The e-platform of National Agriculture Market (NAM) has achieved little in terms of multiplying the farmers’ choice of buyers and upping their income — let alone inter-state trade, the fledgling facility hasn’t even let them sell their produce to far-away mandis in their own states.
According to sources, only 250 regulated wholesale markets spread across 10 states under the respective Agricultural Produce Marketing Committees have so far been integrated with the NAM platform, while the country has 585 such mandis. And just 1.6 lakh farmers — of an estimated 14 crore in the country — and less than 50,000 traders and 26,000 commission agents have got registered with NAM. Worse, even among these NAM-linked mandis, electronic trade is limited to very few commodities, in most markets to just one or two.
“The idea of a pan-Indian agriculture market is really progressive for ensuring better returns for the farmers. However, a huge amount of groundwork needs to be done to translate NAM into reality,” Ashok Gulati, former chairman, Commission for Agricultural Costs and Prices (CACP) and chair professor for agriculture, ICRIER said.
He said the bigger challenge is to put in place system of scientific grading of agricultural commodities at the market yards, transparent price settlement mechanism and above all, rationalisation and imposition of an uniform mandi taxes across the states.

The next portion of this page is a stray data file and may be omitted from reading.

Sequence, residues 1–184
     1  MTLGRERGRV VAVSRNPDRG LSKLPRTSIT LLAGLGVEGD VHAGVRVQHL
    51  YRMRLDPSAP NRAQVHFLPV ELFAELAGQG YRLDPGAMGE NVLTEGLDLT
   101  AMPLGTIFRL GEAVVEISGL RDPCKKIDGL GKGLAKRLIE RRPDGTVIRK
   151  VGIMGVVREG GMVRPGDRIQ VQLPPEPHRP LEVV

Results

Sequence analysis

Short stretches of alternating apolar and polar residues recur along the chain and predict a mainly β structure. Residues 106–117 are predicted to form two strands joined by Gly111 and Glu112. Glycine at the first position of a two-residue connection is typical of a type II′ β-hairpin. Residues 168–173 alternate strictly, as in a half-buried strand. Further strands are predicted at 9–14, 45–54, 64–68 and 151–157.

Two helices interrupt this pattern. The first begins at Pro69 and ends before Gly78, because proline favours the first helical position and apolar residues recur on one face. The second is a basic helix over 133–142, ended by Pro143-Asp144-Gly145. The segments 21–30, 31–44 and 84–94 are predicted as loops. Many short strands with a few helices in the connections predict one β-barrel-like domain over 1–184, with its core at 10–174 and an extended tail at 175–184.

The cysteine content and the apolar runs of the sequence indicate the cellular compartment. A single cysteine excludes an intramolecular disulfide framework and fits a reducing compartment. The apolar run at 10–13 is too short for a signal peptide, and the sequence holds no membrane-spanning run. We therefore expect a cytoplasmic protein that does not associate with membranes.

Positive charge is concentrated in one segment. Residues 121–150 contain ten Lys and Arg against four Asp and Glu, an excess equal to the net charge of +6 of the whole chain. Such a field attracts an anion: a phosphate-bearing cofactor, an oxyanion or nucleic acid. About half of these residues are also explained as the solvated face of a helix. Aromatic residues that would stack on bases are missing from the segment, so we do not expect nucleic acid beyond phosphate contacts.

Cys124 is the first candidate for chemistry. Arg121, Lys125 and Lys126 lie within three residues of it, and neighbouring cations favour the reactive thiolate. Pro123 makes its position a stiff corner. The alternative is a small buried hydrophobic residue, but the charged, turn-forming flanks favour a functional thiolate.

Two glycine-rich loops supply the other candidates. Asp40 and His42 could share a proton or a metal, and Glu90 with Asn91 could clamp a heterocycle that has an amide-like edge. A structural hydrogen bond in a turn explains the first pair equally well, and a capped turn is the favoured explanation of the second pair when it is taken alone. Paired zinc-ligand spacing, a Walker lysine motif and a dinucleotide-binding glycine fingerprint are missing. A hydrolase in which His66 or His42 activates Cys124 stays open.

Though agriculture minister Radha Mohan Singh on Thursday announced that 400 APMCs would be integrated with NAM by March 2017, few are convinced that this is achievable unless the process is accelerated. As many as 18 states/UTs, including Andhra Pradesh, Gujarat, Maharashtra, Karnataka, Rajasthan, Madhya Pradesh and Uttar Pradesh, have fully or partially modified their APMC laws for allowing electronic trade within the mandi premises. The states which are yet to do so include Odisha, Tamil Nadu, West Bengal and Assam, while eight other states/UTs, including Bihar, Kerala and Manipur, do not have any APMC laws, and the farmers in these states are therefore deprived of the NAM facility.
Singh urged states to make necessary changes to APMC laws for ensuring integration to NAM, while he also appealed to those states where the APMC Act does not exist, to join the the national platform by framing necessary regulations.
Under NAM, quality parameters for 69 agricultural and horticultural commodities, including cereals, pulses, oilseeds, spices, fruits and vegetables have been notified for trading.
In April, Prime Minister Narendra Modi had launched NAM with an aim to integrate 585 APMCs under one electronic platform by March, 2018.
After integration of all the mandis, agriculture ministry officials say NAM would increase the choice for a farmer after he brings in his produce to a mandi. “Local traders can bid for the produce, as also traders on the electronic platform sitting in other states. The farmer may choose to accept either the local offer or online. In either case, the transaction will be on the books of the local mandi and they will continue to earn the transaction fee,” the official said.